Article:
July 14, 2024

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Recording the collision of a giant asteroid into a distant planetary system

Recording the collision of a giant asteroid into a distant planetary system

By examining a distant planetary system in ‘before and after’ images, astronomers believe they have captured the debris of a giant asteroid impact, a kind of cosmic billiards from which new planets may form in the future.

In 2004-2005, the Spitzer Space Telescope recorded a huge dust cloud in the star Beta Ocriva, 64 light-years from Earth.

The dust, whose mass is estimated to be 100,000 times the mass of the 10-kilometre-diameter asteroid that caused the extinction of the dinosaurs, had completely disappeared when the star was observed by the James Webb Space Telescope in 2023.

The researchers said at the American Astronomical Society conference that the most likely explanation is that the dust cloud was formed as a result of the collision of two large asteroids.

Such collisions are expected to occur in young systems like Beta Ocriva, which began to shine only 20 million years ago. By comparison, the solar system is 4.6 billion years old.

Two large gas planets, like our own Jupiter, have been identified around Beta Ocriva so far, while the process of forming rocky planets from dust clouds appears to be incomplete.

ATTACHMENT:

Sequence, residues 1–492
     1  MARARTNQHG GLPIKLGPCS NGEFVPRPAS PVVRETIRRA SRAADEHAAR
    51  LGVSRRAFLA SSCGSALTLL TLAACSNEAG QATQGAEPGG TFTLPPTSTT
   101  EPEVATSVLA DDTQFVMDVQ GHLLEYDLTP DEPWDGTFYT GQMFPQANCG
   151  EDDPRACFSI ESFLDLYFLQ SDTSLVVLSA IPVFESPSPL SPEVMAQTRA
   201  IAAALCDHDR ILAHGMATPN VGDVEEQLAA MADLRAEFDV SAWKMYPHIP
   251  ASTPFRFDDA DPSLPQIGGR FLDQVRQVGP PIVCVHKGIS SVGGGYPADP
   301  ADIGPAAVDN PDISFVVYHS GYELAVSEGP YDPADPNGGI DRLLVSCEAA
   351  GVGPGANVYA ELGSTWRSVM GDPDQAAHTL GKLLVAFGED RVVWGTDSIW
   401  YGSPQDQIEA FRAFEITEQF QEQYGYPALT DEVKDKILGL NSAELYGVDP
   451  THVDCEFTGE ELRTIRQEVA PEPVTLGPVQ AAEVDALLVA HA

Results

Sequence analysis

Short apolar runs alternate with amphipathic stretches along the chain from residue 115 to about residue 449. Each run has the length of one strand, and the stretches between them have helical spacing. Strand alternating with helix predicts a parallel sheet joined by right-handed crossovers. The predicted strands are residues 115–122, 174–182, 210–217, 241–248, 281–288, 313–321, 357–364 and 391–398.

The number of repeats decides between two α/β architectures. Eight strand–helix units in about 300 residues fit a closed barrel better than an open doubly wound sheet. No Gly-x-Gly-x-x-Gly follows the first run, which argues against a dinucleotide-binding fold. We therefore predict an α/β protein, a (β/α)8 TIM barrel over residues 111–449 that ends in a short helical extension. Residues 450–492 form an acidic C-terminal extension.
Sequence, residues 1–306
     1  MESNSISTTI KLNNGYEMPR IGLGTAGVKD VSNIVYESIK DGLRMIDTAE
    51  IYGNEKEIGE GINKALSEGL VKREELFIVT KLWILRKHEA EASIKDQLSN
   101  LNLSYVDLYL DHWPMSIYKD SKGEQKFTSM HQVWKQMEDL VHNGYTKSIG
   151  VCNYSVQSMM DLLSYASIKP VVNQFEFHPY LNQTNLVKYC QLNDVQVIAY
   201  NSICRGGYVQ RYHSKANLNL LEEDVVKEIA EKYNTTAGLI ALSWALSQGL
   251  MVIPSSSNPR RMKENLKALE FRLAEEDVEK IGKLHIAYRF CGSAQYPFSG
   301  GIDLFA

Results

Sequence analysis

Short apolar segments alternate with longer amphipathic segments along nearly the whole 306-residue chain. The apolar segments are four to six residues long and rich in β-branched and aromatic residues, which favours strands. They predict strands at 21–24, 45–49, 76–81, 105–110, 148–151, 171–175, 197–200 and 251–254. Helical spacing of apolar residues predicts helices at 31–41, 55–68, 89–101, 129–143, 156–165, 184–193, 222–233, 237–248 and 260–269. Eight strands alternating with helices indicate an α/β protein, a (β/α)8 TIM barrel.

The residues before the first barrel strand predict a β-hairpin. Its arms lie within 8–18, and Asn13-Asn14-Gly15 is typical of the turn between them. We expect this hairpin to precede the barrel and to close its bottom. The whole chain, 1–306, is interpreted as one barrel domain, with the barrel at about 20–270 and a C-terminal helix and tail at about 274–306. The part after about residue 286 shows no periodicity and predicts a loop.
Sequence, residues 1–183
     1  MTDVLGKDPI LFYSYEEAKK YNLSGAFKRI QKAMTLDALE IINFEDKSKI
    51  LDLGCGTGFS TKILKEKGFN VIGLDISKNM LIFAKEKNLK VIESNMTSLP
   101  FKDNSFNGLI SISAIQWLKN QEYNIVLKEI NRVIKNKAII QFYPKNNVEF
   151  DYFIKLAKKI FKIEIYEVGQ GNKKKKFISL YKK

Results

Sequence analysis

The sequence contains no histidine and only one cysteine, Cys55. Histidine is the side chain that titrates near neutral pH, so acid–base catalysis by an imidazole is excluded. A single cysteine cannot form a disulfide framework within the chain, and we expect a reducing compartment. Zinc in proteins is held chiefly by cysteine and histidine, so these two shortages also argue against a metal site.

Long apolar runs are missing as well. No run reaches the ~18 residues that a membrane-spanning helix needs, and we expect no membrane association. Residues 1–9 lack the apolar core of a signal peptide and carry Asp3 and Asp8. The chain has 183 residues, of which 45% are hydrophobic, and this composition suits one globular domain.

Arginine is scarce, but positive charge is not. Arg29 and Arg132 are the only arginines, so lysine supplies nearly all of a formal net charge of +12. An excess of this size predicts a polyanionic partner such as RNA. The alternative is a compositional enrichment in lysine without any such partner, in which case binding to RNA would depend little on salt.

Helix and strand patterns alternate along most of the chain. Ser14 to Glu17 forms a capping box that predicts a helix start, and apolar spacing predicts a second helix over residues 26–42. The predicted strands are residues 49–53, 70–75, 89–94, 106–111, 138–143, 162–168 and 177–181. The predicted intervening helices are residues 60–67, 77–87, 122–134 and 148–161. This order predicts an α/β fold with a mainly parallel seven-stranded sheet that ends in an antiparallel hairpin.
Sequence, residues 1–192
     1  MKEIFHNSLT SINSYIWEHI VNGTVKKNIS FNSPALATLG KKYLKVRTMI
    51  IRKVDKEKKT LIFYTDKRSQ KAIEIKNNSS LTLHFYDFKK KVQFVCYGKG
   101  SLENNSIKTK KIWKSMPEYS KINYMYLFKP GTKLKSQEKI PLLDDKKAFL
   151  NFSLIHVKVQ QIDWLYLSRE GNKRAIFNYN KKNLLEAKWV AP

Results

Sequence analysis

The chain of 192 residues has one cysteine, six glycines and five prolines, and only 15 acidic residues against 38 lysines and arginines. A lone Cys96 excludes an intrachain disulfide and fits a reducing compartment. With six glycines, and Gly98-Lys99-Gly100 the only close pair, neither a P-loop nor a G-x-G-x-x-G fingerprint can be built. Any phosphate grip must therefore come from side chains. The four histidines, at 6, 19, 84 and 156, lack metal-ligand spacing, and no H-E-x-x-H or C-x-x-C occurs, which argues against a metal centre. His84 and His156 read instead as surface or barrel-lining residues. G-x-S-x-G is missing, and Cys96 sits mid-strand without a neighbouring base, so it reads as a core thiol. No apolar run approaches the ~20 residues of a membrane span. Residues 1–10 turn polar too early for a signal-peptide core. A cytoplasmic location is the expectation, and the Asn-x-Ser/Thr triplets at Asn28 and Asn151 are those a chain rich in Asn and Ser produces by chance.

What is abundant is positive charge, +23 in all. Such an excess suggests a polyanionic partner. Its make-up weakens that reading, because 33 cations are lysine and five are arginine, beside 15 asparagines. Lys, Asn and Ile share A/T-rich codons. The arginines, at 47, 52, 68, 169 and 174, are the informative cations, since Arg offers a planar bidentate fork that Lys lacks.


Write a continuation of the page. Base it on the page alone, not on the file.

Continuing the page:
The researchers said the results provide insight into the turbulent era of the solar system during which Earth formed.

“Beta Ocriva is in an era where planets continue to form through giant asteroid collisions, so what we’re seeing is essentially how rocky planets form in real time,” said Christine Chen of Johns Hopkins University, the study’s leader.

“The question we are trying to answer is whether the whole process of forming rocky and gaseous planets is common or rare. A fundamental question we are asking is: How rare are planetary systems like ours?” added Canden Worthen of Johns Hopkins University, also a member of the team.

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“We’re basically trying to figure out how weird or normal we are,” he said.